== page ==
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Currents: An E-Journal Realism and a General Economy of the Link
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by Adrian Miles 
InterMedia UiB and RMIT 

Currents in Electronic Literacy Spring 2001 (4), <http://www.cwrl.utexas.edu/ 


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Much of the writing on navigation and rhetorical architecture in hypertext appears to treat the context of reading and writing as null conditions, that is, that the meaning or status of what is read remains neutral in the face of different readers performing different readings. This might appear surprising, given that a great deal of hypertext theory is written by humanities scholars who know something of the role of context in writing and interpretation, but it appears that hypertext linking has assumed no more status than that of a neutral connection. This seems to reflect an instrumental understanding of communication flow in which a message is encoded for a sender to receive and decode, and in such a model an emphasis is placed on the exclusion of "noise" which would hinder the successful transmission and reception of this message.

Hayles has extensively explored the theoretical assumptions of communication as information and its relevance to contemporary electronic cultures and literature (Hayles, Chaos Bound, Posthuman). It is worth noting the affinity between an emphasis on the preservation of transparency in the movement of information, and the similar emphasis on transparency in hypertext design considered in terms of link architectures. When Nielsen writes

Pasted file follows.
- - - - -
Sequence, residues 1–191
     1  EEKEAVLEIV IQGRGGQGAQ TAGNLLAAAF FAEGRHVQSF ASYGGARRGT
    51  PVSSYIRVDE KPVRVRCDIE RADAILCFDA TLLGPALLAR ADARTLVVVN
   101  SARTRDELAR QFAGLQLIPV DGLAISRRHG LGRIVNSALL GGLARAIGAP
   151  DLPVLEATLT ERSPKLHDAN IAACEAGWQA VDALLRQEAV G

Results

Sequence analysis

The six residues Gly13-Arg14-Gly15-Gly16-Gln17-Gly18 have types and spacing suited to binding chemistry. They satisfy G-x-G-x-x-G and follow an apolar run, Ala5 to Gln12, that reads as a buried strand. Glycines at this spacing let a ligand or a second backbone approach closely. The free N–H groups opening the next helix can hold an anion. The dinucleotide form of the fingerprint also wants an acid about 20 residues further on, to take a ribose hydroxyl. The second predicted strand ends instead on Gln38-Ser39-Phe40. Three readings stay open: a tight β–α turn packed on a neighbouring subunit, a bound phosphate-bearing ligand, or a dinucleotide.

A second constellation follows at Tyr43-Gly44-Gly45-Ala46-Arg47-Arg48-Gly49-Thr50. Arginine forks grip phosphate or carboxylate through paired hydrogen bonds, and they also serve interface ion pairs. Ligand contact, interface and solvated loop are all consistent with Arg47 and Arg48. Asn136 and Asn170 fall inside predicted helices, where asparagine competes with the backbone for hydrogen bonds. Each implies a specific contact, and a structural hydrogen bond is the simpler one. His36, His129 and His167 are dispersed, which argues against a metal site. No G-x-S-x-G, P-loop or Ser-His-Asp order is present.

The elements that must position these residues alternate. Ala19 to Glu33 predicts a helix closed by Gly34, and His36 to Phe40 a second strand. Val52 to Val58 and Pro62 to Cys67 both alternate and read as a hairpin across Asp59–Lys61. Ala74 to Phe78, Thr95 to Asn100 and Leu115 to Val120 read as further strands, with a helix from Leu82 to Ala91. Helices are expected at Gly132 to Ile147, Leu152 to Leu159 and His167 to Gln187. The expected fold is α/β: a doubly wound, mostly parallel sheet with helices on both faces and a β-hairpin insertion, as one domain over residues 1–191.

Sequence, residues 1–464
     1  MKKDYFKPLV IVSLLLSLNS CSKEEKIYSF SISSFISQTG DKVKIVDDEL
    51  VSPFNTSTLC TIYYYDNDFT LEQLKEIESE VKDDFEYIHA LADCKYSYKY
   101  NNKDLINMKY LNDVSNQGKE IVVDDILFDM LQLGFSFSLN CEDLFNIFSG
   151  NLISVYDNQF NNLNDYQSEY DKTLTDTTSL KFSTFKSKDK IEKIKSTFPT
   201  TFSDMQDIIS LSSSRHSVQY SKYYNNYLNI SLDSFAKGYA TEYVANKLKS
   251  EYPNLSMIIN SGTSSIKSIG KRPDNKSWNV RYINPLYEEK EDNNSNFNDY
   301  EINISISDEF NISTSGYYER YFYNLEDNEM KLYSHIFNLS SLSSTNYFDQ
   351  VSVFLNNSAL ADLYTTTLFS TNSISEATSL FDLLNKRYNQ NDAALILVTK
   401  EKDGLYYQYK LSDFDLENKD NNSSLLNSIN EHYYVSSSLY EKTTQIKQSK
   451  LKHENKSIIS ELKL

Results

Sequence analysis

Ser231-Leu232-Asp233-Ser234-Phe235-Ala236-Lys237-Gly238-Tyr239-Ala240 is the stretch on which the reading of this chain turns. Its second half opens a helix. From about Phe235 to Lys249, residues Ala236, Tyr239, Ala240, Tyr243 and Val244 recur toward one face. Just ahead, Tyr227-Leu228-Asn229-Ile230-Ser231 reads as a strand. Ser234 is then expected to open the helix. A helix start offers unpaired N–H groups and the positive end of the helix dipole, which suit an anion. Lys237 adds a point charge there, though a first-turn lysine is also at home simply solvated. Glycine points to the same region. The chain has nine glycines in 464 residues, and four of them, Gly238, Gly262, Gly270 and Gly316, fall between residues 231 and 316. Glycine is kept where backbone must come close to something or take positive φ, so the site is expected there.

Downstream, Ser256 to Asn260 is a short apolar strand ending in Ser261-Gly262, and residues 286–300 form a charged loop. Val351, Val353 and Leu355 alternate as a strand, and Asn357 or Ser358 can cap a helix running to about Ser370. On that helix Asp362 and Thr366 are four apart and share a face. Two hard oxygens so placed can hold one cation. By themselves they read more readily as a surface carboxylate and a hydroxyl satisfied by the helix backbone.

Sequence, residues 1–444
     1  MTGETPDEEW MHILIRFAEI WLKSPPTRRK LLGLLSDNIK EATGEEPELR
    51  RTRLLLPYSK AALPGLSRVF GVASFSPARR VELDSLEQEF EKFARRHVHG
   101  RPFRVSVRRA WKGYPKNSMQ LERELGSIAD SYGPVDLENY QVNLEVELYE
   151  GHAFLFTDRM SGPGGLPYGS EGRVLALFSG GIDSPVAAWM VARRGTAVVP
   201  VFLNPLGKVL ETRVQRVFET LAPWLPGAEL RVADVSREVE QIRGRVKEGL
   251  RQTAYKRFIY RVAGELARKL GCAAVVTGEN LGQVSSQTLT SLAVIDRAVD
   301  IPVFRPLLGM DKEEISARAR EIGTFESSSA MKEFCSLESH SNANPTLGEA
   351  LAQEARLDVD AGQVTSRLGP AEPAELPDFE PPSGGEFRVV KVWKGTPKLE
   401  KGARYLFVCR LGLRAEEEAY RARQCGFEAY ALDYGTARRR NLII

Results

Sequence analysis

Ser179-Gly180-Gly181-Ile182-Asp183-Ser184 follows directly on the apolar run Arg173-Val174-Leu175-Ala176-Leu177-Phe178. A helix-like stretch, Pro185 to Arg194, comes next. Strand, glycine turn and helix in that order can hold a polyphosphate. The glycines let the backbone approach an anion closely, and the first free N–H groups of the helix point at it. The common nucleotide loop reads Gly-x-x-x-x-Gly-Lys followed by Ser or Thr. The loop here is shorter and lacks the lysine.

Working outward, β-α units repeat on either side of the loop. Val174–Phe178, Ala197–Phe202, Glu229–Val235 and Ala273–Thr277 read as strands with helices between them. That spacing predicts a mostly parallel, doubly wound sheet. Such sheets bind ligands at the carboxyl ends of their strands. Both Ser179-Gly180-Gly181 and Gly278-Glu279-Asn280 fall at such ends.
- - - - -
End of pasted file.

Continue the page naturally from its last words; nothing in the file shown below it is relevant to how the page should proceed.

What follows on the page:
Links are the most important part of hypertext: They connect the pages and allow users to go to new and exciting places on the Web. There are three main forms of links:

< li>Structural navigation links. These links outline the structure of the information space and allow users to go to other parts of the space. Typical examples are home page buttons and links to a set of pages that are subordinate to the current page[.]

< li > Associative links within the content of the page. These links are usually underlined words (although they can also be imagemaps) and point to pages with more information about the anchor text.

< li > See Also lists of additional references. These links are provided to help users find what they want if the current page isn't the right one. Considering the difficulty of navigating the Web, users are often saved by a well chosen set of See Also links. (Web Usability, 51)

It is apparent that the use value of the link is only in relation to its role as an informational marker or indicator and that its context is neutralised by the redundant nature of the link origin (Landow and Nielsen's "rhetoric of departure") but also in the work the link is understood to perform in its passage of connection.

Currents: An E-Journal